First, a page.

Updated on 12 January 2021
Reading time: 2 minutes
Over the interminable summer of 1944, beginning on 6 June, men from around the world were drawn into a bloody conflict that was fought out in Normandy. For the Allies the issue was the obliteration of Nazi tyranny, and for the Western Alliance a return to freedom.
We will remember them
Normandy bears the marks of the passing of this battle in the form of the many cemeteries across the region where the memory of those who fell is kept alive: British, Americans, Canadians, Poles, Australians, New Zealanders, French, Belgians. The Norwegians, Dutch, and other Allies who fought alongside them are also honoured in the many ceremonies held each summer. The suffering of the local population in Normandy should not be forgotten either as the fighting and bombing produced civilian death and destruction on a huge scale. Then there are the German cemeteries….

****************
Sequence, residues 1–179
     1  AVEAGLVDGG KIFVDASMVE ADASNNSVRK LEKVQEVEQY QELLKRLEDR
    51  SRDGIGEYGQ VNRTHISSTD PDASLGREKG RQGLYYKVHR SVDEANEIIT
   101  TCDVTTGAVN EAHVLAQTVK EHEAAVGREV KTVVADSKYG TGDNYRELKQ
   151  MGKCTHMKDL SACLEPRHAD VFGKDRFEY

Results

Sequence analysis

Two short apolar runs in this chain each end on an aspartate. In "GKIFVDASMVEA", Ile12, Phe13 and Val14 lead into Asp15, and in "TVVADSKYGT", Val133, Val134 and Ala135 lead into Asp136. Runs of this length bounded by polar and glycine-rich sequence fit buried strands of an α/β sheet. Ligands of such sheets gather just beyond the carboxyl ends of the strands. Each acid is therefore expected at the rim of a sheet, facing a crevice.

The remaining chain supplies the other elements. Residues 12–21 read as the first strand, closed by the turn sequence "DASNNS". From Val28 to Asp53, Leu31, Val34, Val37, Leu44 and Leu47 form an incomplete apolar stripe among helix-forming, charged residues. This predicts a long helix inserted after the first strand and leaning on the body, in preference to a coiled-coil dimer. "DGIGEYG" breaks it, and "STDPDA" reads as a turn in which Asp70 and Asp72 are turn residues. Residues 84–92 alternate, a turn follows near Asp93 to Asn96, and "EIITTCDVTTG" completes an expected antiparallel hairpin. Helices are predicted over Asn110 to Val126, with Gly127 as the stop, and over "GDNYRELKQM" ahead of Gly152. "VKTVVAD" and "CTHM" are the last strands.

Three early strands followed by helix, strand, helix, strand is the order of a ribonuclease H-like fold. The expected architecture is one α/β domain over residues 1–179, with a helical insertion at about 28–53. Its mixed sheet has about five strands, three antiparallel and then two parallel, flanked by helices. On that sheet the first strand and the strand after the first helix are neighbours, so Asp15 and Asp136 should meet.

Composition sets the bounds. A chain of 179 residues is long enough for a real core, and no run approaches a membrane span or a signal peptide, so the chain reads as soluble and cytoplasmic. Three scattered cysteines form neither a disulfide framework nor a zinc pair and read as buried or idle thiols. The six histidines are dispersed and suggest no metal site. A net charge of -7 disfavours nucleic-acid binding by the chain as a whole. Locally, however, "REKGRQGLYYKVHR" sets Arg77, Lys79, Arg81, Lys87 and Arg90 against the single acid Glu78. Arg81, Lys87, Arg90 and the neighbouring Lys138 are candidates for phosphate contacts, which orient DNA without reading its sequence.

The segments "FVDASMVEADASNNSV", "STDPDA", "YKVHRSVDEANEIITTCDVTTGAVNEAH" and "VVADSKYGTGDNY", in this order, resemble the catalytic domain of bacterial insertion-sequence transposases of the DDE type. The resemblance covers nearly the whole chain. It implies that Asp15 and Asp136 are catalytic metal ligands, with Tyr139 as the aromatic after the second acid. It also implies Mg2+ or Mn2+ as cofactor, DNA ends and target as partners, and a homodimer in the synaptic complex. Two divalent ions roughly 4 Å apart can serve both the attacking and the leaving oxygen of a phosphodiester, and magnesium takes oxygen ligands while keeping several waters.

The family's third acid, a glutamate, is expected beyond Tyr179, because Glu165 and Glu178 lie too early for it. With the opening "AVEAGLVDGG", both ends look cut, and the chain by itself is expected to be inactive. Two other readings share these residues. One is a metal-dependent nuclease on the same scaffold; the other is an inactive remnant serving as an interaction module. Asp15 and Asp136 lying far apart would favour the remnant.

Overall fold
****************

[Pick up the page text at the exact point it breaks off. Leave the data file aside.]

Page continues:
What follows invites you to reflect upon this terrible page of history by visiting – or re-visiting – the many cemeteries, battlefield sites, and museums relating to D-Day and the Battle of Normandy. Freedom is not free; it has a price, and it had to be fought for and defended. We, our children and grandchildren, still enjoy the first fruits of peace, reconciliation and freedom, and here in Normandy we are best placed to make your stay meaningful.